In this tutorial, we’ll discuss various methods involved in I/O operations. We’ll talk about two types of programmed I/O: memory-mapped and isolated I/O.
Finally, we’ll present the core differences between them.
2. Introduction to I/O
I/O stands for input/output. I/O is a term to describe communication between the outer world, including humans and a computer using peripheral devices. Some of the most common peripheral devices attached to a computer are keyboards, mouses, monitors, network adapters, and printers. Peripheral devices exchange information between the outer world and computer CPUs. Some I/O devices act as input devices, some as output devices, while others act as both.
We pass the information to I/O devices from the CPU. We store the information passed from I/O devices to the CPU in memory. The CPU processes the data stored in memory and helps in transferring the data in an I/O operation.
In order to work efficiently within a system driven by a processor, I/O devices need an interface. It’s popularly known as the I/O interface. In general, the communication between the CPU and I/O devices occurs via a bus. The role of an I/O interface is to identify the address of the devices generated by the CPU. Additionally, an I/O interface includes facilitates an interface for the CPU to communicate with I/O devices.
3. Various Methods in I/O Operations
There’re three types of I/O techniques: programmed I/O, interrupt-driven I/O, and direct memory access. Let’s discuss each type of I/O technique briefly.
Let’s talk about the programmed I/O first. It’s a data transmission method between the CPU and networking peripheral devices using the I/O interface. Additionally, a computer program running on the CPU initiates I/O operations in programmed I/O. The CPU controls the entire I/O operation. Therefore, programmed I/O keeps the CPU busy. We can further divide programmed I/O into memory-mapped and isolated I/O. Isolated I/O is popularly referred to as mapped or port mapped I/O.
Next, let’s talk about interrupt-driven I/O. Interrupt-driven I/O is a technique in which the CPU doesn’t need to wait to check if the I/O device is ready or not, unlike programmed I/O. I/O device generates an interrupt to the CPU when the I/O device is prepared for I/O operation to take place. An example of a software interrupt is a signal to end a program like Microsoft Word so the CPU can speed up other programs like Microsoft Excel.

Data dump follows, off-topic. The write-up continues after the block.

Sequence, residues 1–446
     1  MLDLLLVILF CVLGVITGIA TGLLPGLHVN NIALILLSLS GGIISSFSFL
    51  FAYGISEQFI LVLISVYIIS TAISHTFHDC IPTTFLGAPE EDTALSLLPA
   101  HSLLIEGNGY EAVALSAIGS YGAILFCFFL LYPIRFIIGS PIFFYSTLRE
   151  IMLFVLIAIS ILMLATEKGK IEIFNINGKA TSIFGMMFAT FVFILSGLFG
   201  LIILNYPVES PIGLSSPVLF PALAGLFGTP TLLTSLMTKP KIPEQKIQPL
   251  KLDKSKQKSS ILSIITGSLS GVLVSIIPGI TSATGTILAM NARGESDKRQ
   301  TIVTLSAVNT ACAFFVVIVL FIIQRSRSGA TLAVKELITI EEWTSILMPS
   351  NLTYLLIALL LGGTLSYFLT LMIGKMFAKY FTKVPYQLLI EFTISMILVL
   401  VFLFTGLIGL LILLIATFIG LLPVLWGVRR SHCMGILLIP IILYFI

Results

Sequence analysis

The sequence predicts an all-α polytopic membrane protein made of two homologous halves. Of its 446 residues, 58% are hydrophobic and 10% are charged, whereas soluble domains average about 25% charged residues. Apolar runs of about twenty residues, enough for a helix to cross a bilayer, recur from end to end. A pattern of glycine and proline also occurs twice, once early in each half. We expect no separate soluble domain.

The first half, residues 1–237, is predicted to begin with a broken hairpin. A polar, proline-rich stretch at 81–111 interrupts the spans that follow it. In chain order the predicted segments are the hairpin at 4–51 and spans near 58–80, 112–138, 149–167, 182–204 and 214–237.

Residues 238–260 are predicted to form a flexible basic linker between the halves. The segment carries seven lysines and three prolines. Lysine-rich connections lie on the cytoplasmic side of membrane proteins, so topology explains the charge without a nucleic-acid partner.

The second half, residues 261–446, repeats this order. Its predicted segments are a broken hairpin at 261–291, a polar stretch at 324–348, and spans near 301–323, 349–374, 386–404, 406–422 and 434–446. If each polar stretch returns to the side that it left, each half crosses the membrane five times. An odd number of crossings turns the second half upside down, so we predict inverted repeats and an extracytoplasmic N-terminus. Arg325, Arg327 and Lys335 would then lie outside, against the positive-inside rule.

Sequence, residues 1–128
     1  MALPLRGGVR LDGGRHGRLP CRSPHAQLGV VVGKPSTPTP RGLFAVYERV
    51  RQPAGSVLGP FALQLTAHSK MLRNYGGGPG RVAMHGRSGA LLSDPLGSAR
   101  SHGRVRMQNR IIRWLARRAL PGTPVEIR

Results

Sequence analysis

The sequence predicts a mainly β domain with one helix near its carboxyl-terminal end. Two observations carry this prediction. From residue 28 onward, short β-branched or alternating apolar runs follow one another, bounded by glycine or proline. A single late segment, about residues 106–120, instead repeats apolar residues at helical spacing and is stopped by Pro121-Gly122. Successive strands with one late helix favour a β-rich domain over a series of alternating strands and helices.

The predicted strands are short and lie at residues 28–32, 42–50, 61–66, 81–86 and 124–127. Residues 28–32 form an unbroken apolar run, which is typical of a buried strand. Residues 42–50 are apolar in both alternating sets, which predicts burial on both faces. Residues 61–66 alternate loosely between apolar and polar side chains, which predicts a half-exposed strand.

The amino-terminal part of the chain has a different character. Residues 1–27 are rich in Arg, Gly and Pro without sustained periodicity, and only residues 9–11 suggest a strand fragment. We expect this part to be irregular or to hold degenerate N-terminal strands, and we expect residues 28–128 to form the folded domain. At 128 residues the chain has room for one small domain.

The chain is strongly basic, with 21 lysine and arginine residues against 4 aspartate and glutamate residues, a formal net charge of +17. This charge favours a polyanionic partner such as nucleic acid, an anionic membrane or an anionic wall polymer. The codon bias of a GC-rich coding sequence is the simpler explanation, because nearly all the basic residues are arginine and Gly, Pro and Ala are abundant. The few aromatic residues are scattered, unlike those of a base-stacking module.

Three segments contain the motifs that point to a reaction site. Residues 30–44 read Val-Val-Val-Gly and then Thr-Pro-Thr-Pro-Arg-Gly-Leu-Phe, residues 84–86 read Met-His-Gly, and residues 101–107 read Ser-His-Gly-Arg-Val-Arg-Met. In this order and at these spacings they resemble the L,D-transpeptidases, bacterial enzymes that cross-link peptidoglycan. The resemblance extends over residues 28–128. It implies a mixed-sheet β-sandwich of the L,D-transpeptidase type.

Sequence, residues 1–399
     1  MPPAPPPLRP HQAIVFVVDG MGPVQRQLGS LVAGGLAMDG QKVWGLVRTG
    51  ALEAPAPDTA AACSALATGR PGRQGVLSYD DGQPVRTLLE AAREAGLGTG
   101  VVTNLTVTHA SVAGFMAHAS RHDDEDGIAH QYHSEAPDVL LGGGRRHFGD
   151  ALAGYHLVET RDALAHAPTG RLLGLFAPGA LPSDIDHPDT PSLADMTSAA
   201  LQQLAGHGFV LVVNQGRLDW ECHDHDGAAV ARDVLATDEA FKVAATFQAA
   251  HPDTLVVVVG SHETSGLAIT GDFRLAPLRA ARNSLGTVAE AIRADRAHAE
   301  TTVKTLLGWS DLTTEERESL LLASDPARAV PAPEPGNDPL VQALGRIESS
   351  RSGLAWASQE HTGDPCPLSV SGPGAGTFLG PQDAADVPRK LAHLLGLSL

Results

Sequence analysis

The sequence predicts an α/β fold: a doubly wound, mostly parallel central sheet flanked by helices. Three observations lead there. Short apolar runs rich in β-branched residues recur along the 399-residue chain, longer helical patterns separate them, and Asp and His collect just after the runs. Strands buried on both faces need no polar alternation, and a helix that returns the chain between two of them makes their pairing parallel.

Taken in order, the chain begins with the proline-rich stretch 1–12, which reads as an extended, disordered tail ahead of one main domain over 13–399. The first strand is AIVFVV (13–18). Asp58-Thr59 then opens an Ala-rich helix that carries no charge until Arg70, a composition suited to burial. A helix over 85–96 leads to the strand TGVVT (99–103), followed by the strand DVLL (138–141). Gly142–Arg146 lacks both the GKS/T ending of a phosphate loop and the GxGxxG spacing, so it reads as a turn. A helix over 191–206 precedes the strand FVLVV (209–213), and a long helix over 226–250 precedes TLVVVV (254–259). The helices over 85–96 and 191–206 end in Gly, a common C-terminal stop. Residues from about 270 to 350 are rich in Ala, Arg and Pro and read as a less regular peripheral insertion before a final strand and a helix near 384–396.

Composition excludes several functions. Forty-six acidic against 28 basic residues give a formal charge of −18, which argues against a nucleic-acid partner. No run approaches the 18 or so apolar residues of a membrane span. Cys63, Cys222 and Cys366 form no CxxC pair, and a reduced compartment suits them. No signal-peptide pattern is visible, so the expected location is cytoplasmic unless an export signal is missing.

In the direct memory access (DMA) method, we transfer data directly between computer memory and I/O devices connected with a system. In this method, we don’t need to involve the CPU in the process of data transfer. DMA is an advantageous method for transferring a large amount of data as the CPU will be free while the data transfer takes place. Additionally, hardware, including hard drives, graphics cards, and network cards for which transferring large amounts of data is important, uses the DMA method.
4. Isolated and Memory Mapped I/O
We can further divide programmed I/O into two categories: memory-mapped and isolated I/O.
There’re three types of buses required for I/O communication: address bus, data bus, and control bus. We assign an address to each I/O device for the CPU to communicate to that device using its address.
In memory-mapped I/O, both memory and I/O devices use the same address space. We assign some of the memory addresses to I/O devices. The CPU treats I/O devices like computer memory. The CPU either communicates with computer memory or some I/O devices depending on the address. Therefore, we reserve a part of the address space for I/O devices, which is not available for computer memory.
In the case of memory-mapped I/O, all the buses are the same for both memory and I/O devices. Therefore, building a CPU that uses memory-mapped I/O is easier and cheaper. Additionally, such CPUs consume less power due to reduced complexity. One advantage of memory-mapped I/O is that we don’t need separate instruction sets for accessing I/O devices. Instructions used for accessing memory can be easily used for accessing I/O devices.
In the case of isolated I/O, we provide a separate address space other than a memory address space to I/O devices. The addresses of I/O devices are also referred to as ports. I/O devices and memory use the same address and data bus. However, the control bus is different for data and memory:
Therefore, isolated I/O becomes costlier compared to memory-mapped I/O. The isolated I/O technique has its own dedicated instruction set for accessing I/O devices. The CPUs that use isolated I/O are bigger and more complex to build.
For I/O devices, it doesn’t matter whether memory mapped or isolated I/O is implemented. I/O devices behave in the same manner independent of the I/O method implemented internally.
Now, let’s look at the core differences between memory-mapped and isolated I/O:
In this tutorial, we discussed the various methods in I/O operations. We explored two types of programmed I/O: memory-mapped and isolated I/O, in detail.
Finally, we presented the core differences between memory-mapped and isolated I/O.